Easy Chestnut Daifuku


I love japanese sweets, especially dango and everything with sweet bean paste. It’s easy to grab a few of these delicious sweet snacks in convenience stores which you find on almost every corner. That is – if you live in Japan. But outside Asia it might entail a trip to the next Asian food store and cost you far more than you would pay in Japan.

I tried buying dried Azuki beans several times, but often some of the beans were undercooked even though I soaked them overnight and cooked them for 4 hours! A friend of mine told me that might be due to the beans being old, which sometimes happen if you buy them in Asian stores. But then I heard that someone made sweet bean paste from canned beans. Why didn’t I think of that sooner? Well, maybe it was because I felt uneasy to use canned beans for japanese confectionary. I mean, isn’t it a sacrilege? But I was short on time and decided to try it anyway. Guess what! People liked the sweets anyway and even asked for the recipe.

So here it goes! Let me know if you liked it.

Easy Chestnut Daifuku
Yields 10
Fast, easy and delicious
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  1. 3/4 cup (100g) sticky sweet rice flour
  2. 3/4 cup (180ml) water
  3. 1/4 cup (50g) granulated sugar
Bean Paste
  1. ~ 220g red beans (I used canned beans, 225g net weight)
  2. 3/4 cup (150g) cane sugar (or a little less of white sugar if you like)
  1. potato-/cornstarch
  2. 10 cooked chestnuts (or fresh strawberries, peaches sliced into cubes, ...)
  3. cupcake liners
  1. Drain the liquid of the canned beans and wash them. Put them in a small pot and add cold water. The beans should be about an 1/2 inch below the water. Bring to a boil, reduce the heat to low and let simmer for about 10 minutes. Drain the beans, add fresh water about the same amount as before, bring to a boil, reduce the heat and let simmer for another 10 minutes. If you can mash the beans between your thumb and index finger easily they are done. Drain the beans and put them back into the pot. Add the sugar and cook until they thicken, stirring constantly. When you stir and can see the bottom of the pot for about 2 seconds without the beanpaste running back again it is ready. The consistency should be mashed potatoe-ish. Don't worry, the paste will harden a bit when it cools down. Put it in a wide bowl and let cool down completely.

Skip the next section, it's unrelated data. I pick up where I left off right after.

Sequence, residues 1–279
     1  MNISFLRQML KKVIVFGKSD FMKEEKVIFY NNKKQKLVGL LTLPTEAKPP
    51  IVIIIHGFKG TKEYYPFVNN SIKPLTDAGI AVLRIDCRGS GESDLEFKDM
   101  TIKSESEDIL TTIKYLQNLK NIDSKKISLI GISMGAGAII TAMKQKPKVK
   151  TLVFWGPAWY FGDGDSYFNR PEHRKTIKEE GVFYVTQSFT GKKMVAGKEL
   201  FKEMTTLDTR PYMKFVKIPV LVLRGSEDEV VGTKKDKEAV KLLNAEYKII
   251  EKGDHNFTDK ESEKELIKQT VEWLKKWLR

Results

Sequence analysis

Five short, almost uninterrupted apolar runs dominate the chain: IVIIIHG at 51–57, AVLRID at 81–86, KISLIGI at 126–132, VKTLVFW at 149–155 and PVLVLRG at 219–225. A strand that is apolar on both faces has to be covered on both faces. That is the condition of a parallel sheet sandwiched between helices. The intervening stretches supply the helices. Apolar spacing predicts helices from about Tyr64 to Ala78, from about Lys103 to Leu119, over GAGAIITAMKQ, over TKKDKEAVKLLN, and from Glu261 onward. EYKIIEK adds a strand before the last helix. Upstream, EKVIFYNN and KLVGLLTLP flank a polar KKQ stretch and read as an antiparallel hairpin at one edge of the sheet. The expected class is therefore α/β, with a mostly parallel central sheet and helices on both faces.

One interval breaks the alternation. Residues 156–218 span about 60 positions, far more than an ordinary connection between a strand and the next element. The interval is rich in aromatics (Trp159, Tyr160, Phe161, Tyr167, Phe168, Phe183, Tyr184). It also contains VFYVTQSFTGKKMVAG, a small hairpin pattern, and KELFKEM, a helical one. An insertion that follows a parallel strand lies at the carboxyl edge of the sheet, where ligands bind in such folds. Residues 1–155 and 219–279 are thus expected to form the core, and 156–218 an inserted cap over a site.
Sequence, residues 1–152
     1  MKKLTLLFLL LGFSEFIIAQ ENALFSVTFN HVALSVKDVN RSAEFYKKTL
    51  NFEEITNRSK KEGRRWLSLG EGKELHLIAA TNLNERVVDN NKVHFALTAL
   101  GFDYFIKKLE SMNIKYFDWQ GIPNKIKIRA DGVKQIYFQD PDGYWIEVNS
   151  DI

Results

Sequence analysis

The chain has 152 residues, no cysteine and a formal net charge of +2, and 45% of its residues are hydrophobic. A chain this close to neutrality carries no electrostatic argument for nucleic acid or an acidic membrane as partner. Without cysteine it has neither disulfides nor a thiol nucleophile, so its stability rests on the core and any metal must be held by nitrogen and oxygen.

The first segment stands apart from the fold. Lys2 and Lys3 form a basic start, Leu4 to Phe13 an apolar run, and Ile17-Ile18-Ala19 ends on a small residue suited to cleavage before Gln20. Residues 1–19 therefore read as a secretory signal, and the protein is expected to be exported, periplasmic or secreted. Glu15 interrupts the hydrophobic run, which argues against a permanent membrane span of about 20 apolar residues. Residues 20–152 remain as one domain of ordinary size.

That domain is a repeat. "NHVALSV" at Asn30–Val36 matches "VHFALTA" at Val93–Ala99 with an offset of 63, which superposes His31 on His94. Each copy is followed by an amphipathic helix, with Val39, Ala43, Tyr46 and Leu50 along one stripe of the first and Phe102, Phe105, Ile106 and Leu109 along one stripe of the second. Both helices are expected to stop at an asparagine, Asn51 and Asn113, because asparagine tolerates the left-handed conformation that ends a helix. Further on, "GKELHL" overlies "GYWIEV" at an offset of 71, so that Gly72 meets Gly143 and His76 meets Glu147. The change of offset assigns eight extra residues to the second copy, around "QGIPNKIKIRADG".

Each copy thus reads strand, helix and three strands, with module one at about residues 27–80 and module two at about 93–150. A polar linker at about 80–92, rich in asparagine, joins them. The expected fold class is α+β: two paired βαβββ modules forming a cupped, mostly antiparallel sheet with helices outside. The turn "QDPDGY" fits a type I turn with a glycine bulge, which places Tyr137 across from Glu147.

2. When the bean paste is completely cold divide it into 10 pieces. Wrap each chestnut with the bean paste and roll it into a ball. If the paste is hard enough and easy to handle put it them into the fridge until ready to use. If it is still a bit soft and you worry about wrapping it with the rice dough you can put them in the freezer for about 15 minutes.
  3. To make the sticky rice dough put the rice flour, water and sugar into a microwave safe bowl and mix well. You don't want any lumps in your dough, so mix thoroughly. Cover the bowl with a lid (don't shut it completely!) or microwave safe plastic wrap and cook on high heat (about 1200 watt) for 1 minute. Stir the dough with a wet spatula. Then cover again an cook for another minute. The dough should start to look slightly more translucent. Stir well again, cook for 30 seconds. Now it should be ready. When the dough turned from white to translucent you're good to go.
  4. Cover some baking tray or any other tray with parchment paper and dust it generously with starch. Put the dough onto the tray and dust it with starch too (it's OK to use lots because it's super sticky). Divide the dough into 10 pieces with a cutter and flatten them into thin circle wrappers. Place the bean paste covered chestnuts onto the circles, wrap, seal tightly and place them in the cupcake liners. Be carefult to always have enough starch, they are very sticky and may stick to each other the cupcake liners.
  1. I adapted this recipe from Just One Cookbook, which is an amazing site if you're looking for Japanese recipes. They have step by step directions on how to make the dough and how to wrap them (with photos!) on their website.
  2. Daifuku taste best on the day they are made, but you can also freeze them. Just don't use fruit that gets watery when thawed.
Adapted from Just One Cookbook
Adapted from Just One Cookbook
beyondmydoorstep.com http://beyondmydoorstep.com/
Did you every make your own daifuku? Which filling do you like best?

XO Alex

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